Recent data suggest increased risks of anxiety disorders and attention deficit hyperactivity disorder among people with Williams syndrome. Adults with Down syndrome appear to be at a higher risk of depression relative to other adults with mental retardation. Observed behavior problems do not by themselves indicate psychopathology. Interrelationships between deficits in adaptive behavior, maladaptive or problem behavior, and psychiatric disorders among persons with mental retardation are complex. Maladaptive behavior is a term that has been used in the field of mental retardation to refer to problem behaviors that are sometimes categorized as personal e.

In general, the terms maladaptive behavior and behavior problems are used interchangeably. Despite the definitional criteria that require deficits in adaptive skills to be present in persons with mental retardation, these deficits are not always associated with maladaptive behavior. Adaptive and maladaptive behavior represent two distinct, independent constructs and deficient interpersonal skill development i. Psychopathology is only indicated when behavior problems are part of an overall pattern of behavior. Although persons with a dual diagnosis are at a higher risk of evincing destructive behavior patterns e.

Although the diagnosis of mental retardation is determined in part by deficits in adaptive functioning, the behaviors that one must display in order to be considered competent cannot be clearly delineated for every situation and age group. Measures of social competence must, for practical reasons, sample only selected behaviors that are used to represent typical functioning.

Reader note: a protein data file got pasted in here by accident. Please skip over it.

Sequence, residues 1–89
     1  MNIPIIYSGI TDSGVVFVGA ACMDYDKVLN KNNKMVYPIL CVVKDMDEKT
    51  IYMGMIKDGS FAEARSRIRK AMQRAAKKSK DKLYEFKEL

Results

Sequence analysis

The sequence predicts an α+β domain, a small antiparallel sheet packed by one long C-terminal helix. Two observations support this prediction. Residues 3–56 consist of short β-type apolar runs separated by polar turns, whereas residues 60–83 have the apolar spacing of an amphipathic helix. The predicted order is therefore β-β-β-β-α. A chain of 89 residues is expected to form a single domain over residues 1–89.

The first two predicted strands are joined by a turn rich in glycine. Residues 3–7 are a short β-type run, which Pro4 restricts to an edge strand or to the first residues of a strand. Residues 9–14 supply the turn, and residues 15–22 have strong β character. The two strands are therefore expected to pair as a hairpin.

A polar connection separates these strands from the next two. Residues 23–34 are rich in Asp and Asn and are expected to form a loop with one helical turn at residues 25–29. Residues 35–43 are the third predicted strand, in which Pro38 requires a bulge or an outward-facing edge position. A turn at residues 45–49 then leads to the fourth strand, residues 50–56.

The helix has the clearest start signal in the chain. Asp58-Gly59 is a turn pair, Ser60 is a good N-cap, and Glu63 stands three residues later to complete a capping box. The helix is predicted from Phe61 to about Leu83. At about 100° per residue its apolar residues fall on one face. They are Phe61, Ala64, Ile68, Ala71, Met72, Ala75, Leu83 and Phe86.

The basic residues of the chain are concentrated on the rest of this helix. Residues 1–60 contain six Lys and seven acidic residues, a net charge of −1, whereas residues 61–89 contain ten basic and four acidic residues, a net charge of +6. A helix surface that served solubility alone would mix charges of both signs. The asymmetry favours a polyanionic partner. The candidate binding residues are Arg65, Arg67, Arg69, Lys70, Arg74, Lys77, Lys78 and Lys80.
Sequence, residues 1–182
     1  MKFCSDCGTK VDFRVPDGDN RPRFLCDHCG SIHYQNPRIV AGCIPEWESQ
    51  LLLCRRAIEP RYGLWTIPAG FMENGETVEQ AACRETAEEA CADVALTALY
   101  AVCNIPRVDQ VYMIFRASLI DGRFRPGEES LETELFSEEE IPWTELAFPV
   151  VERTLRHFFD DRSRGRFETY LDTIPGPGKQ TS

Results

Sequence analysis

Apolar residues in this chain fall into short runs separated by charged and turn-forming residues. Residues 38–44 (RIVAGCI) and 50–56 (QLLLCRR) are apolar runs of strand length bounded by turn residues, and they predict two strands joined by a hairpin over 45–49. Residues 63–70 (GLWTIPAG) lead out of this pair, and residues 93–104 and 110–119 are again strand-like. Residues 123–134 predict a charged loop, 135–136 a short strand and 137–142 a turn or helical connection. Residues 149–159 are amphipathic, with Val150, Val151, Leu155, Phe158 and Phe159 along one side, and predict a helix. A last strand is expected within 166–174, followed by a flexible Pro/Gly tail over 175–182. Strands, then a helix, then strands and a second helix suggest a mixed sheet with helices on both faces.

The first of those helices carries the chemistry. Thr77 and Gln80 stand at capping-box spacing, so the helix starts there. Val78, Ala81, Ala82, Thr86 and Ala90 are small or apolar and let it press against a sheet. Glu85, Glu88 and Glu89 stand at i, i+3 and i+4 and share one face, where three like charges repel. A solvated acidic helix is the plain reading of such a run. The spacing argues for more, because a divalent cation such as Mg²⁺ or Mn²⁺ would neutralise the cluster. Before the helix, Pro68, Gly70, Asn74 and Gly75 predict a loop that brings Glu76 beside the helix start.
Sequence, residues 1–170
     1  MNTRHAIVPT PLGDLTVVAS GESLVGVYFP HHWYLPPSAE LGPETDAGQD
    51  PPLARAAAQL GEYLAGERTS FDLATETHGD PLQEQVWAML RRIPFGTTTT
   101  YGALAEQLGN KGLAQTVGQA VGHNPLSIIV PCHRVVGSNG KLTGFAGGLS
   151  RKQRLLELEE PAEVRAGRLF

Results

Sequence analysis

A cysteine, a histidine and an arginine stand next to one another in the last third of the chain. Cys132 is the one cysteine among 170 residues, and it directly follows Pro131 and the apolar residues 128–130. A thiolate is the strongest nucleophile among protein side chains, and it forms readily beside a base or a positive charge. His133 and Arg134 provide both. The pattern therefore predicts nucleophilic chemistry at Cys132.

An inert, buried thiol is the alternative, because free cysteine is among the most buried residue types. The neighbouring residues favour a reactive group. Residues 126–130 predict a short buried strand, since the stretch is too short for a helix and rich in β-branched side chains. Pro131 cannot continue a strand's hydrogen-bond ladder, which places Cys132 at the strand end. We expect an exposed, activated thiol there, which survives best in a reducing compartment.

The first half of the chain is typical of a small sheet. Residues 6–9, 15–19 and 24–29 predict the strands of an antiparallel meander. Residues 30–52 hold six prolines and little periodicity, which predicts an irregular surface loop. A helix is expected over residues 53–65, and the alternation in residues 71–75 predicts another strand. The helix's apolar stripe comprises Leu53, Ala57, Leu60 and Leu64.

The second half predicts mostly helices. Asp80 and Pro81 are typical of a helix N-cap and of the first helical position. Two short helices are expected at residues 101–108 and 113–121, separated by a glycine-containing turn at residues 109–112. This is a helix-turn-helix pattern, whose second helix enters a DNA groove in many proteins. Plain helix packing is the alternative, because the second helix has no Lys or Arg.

Decisions that rely on measurement of adaptive and maladaptive behavior are highly dependent on the method of assessment used. Because base rates of behavior may be compared either to the general population or to the subset of people with mental retardation, the selection of a comparison group can also influence the identification of pathology. There is a general consensus that the full range of mental disorders observed in the general population is found among persons with mental retardation.

Early versions of the DSM classification system were thought to lack reliability and validity for persons with mental retardation, but the heightened awareness of dual diagnosis in the s led to vast improvements in defining DSM categories that were appropriate for persons with mental retardation.

Mental Retardation Characterization

Some clinicians still contend, however, that the expression of psychopathology among persons with severe and profound mental retardation may take on different forms and require separate classifications. Multiple informants and multiple methods of data collection are typically used to provide a clinical picture of abnormal behavior among persons with mental retardation.

Pediatric Intellectual Disability

Communication deficits that are associated with low intelligence complicate the evaluation process in several important ways. The simplistic emotional expressions and concrete thought patterns that are characteristic of these individuals can lead to clinical misinterpretations of their behavior or mental health conditions. The identification of some syndromes also depends on information obtained by interview with the individual or observation of his or her speech e.

With individuals who are nonverbal or who lack expressive language, it may be impossible to diagnose reliably certain conditions. Reprints and Permissions. Advanced search. Skip to main content. Rent or Buy article Get time limited or full article access on ReadCube. Rights and permissions Reprints and Permissions.